|Reverse the polarity of the neutron flow.|
Happy Easter, by the way!
Since the start of the new year, I have increased my Instagram snapshot posts to at least once a day! According to the old adage, these Instagrams are essentially thousand-word essays, with the subject matter ranging from my dog Kate to the adventures of Oswald the Lucky Rabbit to non-fortunes from fortune cookies to the status of the Moon (see above photo). Those are important topics, of course.
If my Instagram habit continues for the next few months, perhaps I should forward the URL "DeRamos.org" to my Instagram profile. Then again, maybe not.
Chord du Jour "coffee table book." This "book" contains 90 pages of keyboard (piano) and fretboard (guitar) infographics. I've limited myself to four colors for each image -- usually black, white, and two other colors. Each two-page "spread" has a matching color scheme.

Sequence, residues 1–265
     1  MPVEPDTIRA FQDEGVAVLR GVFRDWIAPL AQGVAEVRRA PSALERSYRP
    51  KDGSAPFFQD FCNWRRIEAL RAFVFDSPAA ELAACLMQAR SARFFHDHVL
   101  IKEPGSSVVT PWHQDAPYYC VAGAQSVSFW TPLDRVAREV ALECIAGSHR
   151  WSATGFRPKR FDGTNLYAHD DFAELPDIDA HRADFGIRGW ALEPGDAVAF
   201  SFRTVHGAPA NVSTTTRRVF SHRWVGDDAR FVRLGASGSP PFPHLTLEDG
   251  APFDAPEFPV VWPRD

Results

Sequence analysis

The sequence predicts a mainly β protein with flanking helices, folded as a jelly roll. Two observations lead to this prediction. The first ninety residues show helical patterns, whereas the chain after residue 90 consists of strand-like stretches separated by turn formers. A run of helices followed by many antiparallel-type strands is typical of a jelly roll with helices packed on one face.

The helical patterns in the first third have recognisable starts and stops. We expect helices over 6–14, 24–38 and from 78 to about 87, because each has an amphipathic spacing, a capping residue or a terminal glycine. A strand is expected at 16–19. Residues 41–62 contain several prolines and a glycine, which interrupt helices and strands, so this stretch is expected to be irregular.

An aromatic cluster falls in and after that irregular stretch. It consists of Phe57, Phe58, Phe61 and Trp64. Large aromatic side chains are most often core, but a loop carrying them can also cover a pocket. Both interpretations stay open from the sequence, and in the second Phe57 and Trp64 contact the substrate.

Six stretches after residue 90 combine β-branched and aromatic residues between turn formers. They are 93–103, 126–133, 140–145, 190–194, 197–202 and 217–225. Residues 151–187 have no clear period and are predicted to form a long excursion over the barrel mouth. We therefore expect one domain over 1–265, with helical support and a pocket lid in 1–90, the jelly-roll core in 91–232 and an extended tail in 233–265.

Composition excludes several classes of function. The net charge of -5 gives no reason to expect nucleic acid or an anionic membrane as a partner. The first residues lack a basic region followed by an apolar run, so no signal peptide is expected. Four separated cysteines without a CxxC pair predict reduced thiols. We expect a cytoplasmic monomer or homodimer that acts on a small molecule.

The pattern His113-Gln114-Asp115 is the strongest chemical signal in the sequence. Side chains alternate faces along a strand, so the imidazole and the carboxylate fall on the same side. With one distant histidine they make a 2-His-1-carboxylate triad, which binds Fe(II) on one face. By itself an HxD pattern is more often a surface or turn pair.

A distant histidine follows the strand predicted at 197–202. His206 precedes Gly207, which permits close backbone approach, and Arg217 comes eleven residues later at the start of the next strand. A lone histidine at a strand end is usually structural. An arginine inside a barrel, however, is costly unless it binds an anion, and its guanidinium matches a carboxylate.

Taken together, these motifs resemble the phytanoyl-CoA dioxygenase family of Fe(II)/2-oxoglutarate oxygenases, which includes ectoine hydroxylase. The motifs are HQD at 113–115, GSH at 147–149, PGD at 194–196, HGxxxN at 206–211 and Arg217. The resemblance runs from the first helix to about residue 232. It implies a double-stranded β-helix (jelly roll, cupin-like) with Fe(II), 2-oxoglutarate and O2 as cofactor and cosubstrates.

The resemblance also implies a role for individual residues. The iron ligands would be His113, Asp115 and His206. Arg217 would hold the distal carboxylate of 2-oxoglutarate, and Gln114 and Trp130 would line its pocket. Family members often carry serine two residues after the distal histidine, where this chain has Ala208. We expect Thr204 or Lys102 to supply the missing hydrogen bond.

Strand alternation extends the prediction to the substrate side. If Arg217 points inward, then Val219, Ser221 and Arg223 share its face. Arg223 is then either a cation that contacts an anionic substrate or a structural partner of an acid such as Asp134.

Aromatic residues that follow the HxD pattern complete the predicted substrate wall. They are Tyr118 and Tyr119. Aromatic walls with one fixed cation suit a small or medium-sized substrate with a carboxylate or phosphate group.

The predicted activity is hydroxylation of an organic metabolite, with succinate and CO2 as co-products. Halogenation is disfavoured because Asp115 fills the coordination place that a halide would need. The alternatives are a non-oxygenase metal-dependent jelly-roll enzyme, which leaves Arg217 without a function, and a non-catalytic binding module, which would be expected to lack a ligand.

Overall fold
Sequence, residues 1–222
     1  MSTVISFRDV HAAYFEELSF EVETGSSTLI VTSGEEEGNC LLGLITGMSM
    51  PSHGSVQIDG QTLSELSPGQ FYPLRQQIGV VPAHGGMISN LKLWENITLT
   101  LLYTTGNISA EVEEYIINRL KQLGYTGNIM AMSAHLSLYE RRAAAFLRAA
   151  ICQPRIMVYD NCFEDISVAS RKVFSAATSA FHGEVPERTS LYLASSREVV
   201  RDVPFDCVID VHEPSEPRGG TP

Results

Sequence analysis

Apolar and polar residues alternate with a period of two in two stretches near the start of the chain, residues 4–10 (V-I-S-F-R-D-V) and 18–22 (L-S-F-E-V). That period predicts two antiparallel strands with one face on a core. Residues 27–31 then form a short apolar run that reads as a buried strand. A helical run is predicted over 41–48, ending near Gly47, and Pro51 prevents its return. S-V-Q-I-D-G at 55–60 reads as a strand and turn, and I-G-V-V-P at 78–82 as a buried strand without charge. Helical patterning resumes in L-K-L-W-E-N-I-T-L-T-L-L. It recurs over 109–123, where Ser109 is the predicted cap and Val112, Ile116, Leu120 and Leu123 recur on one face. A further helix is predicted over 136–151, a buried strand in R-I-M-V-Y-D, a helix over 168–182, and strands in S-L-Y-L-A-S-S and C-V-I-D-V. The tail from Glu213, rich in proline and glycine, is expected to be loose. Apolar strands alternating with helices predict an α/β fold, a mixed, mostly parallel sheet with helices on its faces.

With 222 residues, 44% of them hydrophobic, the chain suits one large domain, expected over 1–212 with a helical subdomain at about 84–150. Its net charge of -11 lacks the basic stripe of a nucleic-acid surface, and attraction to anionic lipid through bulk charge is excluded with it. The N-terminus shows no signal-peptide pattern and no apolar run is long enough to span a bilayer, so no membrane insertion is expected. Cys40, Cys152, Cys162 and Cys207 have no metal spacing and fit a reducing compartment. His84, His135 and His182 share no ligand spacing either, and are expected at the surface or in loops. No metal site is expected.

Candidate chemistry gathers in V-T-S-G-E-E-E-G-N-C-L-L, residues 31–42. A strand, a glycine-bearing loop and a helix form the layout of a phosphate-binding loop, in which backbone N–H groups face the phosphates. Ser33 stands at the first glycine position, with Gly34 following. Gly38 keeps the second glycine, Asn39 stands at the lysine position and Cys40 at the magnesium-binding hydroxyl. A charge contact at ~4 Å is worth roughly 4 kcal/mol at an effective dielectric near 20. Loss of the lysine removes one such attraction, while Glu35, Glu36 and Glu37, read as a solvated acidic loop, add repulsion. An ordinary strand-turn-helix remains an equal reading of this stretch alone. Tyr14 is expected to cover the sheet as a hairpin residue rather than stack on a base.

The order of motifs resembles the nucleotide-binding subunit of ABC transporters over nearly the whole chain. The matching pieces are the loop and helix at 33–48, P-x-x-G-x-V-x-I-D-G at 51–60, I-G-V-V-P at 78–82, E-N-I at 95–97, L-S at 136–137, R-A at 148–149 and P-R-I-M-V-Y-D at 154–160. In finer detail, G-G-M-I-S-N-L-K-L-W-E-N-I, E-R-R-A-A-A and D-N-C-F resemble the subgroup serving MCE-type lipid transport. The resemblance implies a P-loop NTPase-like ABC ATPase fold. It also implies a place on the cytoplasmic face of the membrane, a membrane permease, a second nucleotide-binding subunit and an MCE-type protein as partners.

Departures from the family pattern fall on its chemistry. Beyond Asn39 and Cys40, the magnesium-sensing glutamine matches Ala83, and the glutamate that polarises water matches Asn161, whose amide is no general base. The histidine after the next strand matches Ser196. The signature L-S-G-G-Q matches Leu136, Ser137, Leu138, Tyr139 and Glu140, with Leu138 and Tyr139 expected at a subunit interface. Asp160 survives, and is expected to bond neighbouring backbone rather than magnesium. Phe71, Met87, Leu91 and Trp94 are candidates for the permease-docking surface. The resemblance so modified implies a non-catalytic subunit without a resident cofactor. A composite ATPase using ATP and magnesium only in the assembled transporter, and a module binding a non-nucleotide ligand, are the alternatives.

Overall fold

Recently, I have been posting new images on Chord du Jour's Facebook page for two workweeks (10 images for 10 days), followed by a review on the Chord du Jour blog for one workweek (the same 10 images over 5 days). I believe I'll continue this pattern until the book is finished. Then I'll start on another Chord du Jour quasi-educational project.
I'll probably preview the new project on a work-daily basis as well, on the blog and on Facebook. Hopefully the "coffee table book" images will be polished enough to actually be a physical coffee table book, or even a tablet-worthy publication, but I am getting ahead of myself.
I just have to create a new infographic page, one day at a time.